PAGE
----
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Hmm.. well if p = 3 then the obvious answer is 24. If you can add something equally to one side of any equation you can take it away equally?
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From:timduru
Date:November 12th, 2005 09:22 pm (UTC)
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42 !
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From:issarlk
Date:November 12th, 2005 11:19 pm (UTC)
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Je ne trouve pas, ca me rend fou, j'ai envie de casser quelque chose.
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From:kemonotsukai
Date:November 13th, 2005 12:04 am (UTC)
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So, at the first sight it seems very difficult, but in fact it's really easy ^^
What is 24? 24 = 4 * 2 * 3
So we have to proof that (p-1).p.(p+1)=X*(2*3*4)

One of the term must be divisible by 3 since they are consecutive
A prime number superior than 2 is mandatoty an odd number. So (p-1) and (p+1) are par numbers. They are both divisible by 2, and more since they are two consecutive par nimbers, one of the both must be divisible by 4.
So we have the three multiplicators.

Exemples :
3=> 2 * 3 * 4 = 24
5=> 4 * 5 * 6 = (4)* 5 (2 * 3) = 5*24
7=> 6 * 7 * 8 = (2 * 3) * 7 * (4 * 2 )= (2*7)*24 = 14*24
and so on....
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From:reveille_d
Date:November 13th, 2005 12:52 am (UTC)
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Just glancing at that makes my brain cramp in unreasonable psychosomatic response.
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From:kemonotsukai
Date:November 13th, 2005 03:08 am (UTC)
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Just to know : it's normal that my comment have been erased ?
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From:balinares
Date:November 13th, 2005 03:12 pm (UTC)
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Not erased, hon, just screened. So as to give other people a chance to look for the answer. :)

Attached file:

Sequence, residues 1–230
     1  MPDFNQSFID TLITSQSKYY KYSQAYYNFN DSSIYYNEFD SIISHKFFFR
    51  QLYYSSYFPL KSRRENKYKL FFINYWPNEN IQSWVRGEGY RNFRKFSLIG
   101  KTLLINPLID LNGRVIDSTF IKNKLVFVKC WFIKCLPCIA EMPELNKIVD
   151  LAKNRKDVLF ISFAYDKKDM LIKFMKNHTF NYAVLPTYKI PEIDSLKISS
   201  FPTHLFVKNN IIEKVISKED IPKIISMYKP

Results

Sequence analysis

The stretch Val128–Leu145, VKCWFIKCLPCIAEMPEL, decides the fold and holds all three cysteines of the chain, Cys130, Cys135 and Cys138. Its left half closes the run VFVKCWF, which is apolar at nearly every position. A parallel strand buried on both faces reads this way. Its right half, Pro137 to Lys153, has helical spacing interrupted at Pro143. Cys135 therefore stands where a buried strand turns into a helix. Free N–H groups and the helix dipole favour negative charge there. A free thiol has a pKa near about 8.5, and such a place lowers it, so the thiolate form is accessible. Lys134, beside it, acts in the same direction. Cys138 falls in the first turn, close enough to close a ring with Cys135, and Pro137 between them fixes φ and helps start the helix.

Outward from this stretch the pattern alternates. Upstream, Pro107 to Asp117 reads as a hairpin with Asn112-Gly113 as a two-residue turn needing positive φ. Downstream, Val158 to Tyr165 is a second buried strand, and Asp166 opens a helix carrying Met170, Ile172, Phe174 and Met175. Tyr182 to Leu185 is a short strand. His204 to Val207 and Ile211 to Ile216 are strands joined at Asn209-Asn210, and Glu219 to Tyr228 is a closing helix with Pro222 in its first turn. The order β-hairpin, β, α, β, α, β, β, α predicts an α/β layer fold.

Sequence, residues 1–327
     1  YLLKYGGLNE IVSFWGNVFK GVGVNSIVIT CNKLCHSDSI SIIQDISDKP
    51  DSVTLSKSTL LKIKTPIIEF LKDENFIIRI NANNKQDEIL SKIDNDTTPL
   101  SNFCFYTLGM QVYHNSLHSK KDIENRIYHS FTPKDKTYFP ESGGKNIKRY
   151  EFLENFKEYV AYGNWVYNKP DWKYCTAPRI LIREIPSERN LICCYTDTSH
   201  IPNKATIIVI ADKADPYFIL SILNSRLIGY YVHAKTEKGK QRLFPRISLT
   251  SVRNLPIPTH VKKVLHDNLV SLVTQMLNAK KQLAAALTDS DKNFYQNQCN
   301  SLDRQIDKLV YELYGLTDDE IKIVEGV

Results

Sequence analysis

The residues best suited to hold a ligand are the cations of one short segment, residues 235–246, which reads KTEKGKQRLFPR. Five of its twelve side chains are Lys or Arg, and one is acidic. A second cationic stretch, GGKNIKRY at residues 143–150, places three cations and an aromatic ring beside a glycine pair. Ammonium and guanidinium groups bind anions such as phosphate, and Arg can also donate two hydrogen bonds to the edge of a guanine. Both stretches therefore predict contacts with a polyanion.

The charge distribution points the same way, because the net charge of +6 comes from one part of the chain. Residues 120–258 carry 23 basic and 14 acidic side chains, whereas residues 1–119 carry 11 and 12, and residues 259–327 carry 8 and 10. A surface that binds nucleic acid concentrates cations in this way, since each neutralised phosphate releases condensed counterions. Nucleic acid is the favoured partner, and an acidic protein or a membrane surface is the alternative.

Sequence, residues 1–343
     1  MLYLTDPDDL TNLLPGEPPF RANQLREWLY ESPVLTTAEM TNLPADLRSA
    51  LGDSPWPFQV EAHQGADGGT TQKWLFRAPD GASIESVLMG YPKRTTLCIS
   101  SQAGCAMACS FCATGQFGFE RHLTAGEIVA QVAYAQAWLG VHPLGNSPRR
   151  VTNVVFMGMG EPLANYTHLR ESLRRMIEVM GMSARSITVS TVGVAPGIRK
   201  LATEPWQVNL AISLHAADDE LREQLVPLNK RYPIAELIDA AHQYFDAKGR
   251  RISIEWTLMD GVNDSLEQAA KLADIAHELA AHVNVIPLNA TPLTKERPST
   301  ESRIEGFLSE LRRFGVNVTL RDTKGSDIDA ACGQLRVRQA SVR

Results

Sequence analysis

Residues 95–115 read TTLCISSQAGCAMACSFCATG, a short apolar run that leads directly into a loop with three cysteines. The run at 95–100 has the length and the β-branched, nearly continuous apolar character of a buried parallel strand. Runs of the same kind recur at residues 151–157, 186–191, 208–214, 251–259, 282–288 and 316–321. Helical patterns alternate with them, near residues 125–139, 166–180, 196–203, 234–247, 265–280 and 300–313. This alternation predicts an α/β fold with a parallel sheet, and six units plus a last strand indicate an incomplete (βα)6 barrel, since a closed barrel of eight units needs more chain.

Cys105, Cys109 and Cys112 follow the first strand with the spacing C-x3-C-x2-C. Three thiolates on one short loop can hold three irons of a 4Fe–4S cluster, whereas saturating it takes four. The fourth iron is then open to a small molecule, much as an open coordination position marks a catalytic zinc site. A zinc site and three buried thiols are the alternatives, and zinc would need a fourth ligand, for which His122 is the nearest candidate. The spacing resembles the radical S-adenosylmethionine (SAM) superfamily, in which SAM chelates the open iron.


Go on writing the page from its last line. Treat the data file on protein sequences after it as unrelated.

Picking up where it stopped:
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From:kefen
Date:November 14th, 2005 12:19 am (UTC)
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You make me hope. I'll give it a try and hope I can figure it out later, need rest right now.

(Maybe I'll just manage to prove how helpless I am at such things;)
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From:thenightwolf
Date:November 16th, 2005 07:14 pm (UTC)
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Tiens, puisque tu aimes ça (TU AIMES CA, HEIN ??!), en voilà un joli (mais qui n'est pas du tout non-mathématique).

Soit P un polynôme de C de degré n tel que P(i) = 1/i pour i=1,...,n+1.
Trouver P(n+2).
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From:janetraeness
Date:November 17th, 2005 02:42 pm (UTC)
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prime numbers must be odd, barring 2. even * odd = even. even * even = even

even * odd * even = even.


Every third number is a multiple of 3 (for obvious reasons). Every even number is a multiple of 2. So one of the factors of the product (p-1)p(p+1) must be 6 (3*2) .. Since (p-1) (p+1) must both be even, there are 2 multiples of 2. This means that factors must be 3*2*2 (or 12).

Since 3 is the smallest prime (other than 2), p+1 has 2*2 as prime factors. This means that for EVERY case, 3*2*2*2 (one 2 from (p-1) 2 from (p+1), and a 3 from one of those numbers), ... there is a 24 as a factor.

:) That good enough?